• Bob Peeters and Guy Luzon for using Andre Bikey as a striker

Genuine tears were shed in SE7 whenever the robust centre-back was pushed forward in the hope his presence would help to rescue a point for the Addicks. Rarely did it do anything but confirm defeat, and mean you left The Valley feeling even more disappointed.

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  • Whoever came up with the sex stunt idea

Charlton’s media team, regardless of the seemingly ever-changing make up of it, consistently produces quality content – they all do their jobs very well. So that none of them appeared to overtly promote the sex on the pitch video away from club channels felt telling. Whoever was responsible will say it was a success, with it spreading far and wide and publicity for post-season use of the pitch high. But it was crass, embarrassing, and not something that should be associated with Charlton Athletic.

  • Roland Duchatelet for forcing Yann Kermorgant out of the club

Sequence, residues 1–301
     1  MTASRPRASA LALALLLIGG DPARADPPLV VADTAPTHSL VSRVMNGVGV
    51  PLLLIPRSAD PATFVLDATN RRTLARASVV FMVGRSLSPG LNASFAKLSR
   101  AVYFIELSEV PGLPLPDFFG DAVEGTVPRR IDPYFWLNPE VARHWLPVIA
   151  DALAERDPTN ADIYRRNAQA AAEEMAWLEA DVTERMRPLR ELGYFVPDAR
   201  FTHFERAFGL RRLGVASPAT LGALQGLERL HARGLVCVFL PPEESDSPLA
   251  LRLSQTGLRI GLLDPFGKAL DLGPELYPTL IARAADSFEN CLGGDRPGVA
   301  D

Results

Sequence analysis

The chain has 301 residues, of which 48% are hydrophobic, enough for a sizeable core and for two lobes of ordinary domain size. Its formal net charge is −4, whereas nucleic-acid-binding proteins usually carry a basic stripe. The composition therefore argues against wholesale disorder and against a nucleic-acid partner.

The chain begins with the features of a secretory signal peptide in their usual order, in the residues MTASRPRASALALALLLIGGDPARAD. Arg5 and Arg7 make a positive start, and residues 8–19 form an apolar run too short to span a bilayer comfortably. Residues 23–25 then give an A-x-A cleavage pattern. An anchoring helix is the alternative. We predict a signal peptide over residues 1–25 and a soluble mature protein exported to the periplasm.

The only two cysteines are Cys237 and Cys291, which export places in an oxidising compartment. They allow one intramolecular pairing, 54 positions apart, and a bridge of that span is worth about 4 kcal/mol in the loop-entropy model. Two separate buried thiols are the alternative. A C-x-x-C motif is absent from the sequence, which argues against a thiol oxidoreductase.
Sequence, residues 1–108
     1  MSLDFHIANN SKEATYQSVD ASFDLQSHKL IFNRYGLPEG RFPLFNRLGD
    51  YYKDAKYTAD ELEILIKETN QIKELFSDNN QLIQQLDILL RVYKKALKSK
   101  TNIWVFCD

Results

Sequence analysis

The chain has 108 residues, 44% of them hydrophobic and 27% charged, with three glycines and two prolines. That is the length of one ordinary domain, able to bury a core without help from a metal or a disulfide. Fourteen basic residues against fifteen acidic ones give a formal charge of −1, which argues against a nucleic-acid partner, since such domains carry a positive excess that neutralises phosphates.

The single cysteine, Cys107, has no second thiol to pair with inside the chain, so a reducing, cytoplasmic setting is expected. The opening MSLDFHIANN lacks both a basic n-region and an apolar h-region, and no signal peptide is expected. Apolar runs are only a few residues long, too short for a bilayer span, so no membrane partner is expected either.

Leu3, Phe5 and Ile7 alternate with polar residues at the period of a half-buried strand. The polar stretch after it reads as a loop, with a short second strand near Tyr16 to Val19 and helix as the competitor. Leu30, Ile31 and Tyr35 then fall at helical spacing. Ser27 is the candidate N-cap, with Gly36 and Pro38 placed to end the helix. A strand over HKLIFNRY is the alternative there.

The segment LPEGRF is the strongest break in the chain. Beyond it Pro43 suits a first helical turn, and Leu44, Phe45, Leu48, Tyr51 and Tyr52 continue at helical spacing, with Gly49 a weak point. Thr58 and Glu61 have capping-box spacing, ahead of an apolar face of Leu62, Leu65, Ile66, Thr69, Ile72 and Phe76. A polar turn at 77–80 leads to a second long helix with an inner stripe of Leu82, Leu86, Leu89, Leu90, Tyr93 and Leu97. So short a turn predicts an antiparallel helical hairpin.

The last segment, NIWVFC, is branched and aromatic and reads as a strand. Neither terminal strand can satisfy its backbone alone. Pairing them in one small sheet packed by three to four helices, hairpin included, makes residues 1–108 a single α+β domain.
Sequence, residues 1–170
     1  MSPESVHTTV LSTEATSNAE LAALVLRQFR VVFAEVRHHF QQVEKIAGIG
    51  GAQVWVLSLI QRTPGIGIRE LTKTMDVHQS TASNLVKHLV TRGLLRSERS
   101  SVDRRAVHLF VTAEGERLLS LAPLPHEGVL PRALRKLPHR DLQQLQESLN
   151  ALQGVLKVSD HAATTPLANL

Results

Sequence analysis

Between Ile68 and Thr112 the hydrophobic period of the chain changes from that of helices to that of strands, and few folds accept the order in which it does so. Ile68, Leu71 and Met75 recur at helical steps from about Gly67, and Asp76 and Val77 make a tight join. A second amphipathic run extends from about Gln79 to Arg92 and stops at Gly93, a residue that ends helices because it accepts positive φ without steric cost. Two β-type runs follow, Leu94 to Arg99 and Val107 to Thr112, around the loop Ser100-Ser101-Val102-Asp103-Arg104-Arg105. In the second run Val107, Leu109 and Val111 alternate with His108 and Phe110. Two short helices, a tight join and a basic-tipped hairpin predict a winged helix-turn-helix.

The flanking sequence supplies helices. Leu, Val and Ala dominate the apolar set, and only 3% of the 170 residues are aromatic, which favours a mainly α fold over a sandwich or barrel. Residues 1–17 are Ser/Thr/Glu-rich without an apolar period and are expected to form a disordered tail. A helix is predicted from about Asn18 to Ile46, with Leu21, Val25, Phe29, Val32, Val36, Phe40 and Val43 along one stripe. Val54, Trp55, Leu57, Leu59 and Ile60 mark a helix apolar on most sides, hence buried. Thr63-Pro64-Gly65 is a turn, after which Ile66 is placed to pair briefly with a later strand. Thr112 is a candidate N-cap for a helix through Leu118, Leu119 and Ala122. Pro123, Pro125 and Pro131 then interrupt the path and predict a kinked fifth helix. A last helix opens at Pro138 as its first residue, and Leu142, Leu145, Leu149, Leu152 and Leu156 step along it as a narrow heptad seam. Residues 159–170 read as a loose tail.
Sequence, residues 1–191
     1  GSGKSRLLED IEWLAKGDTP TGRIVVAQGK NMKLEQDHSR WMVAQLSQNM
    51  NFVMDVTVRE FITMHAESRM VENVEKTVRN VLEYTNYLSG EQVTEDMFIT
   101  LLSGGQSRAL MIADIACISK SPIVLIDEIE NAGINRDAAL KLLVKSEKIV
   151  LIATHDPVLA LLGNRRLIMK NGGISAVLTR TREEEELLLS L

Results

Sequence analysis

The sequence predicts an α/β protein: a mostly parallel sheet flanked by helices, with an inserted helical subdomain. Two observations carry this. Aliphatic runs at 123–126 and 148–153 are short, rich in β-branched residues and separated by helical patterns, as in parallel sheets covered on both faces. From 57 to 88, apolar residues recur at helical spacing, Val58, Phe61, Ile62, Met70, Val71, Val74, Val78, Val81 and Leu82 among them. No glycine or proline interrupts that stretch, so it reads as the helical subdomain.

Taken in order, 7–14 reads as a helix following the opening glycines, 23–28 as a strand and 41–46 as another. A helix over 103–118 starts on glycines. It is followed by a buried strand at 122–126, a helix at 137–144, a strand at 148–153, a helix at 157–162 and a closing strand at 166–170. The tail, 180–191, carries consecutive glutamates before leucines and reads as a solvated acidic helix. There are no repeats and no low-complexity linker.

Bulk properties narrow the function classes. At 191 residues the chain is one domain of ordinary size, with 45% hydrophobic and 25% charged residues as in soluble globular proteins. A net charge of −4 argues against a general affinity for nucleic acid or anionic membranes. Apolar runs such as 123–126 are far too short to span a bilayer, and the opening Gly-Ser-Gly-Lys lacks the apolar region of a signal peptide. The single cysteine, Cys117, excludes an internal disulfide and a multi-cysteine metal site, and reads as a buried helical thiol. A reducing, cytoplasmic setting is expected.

Yes it was last season. Yes I should have moved on by now. But it still remains a ridiculous decision and I haven’t. His impact for Bournemouth throughout their promotion winning campaign only highlighting further what a ridiculous decision it was to sell the Frenchman.

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The Winner: Katrien Meire’s nightmare week 

That was all a bit depressing, wasn’t it?


The Find Franck Award

Franck, everyone is very worried about you. Please just call home and let us know you’re safe. An award for Charlton players who, in one way or another, went missing at some point this season.

  • Franck Moussa

A signing that excited many an Addick, especially after watching his goal of the season strike for the 1000th time, but one that disappointed on two counts. The first being that his performances when he was fit to play were largely disappointing. The second his bizarre injury, originally supposed to keep him out for a few weeks, that meant his substitute appearance in the draw with Leeds at Elland Road was his final game of the season.

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  • Yoni Buyens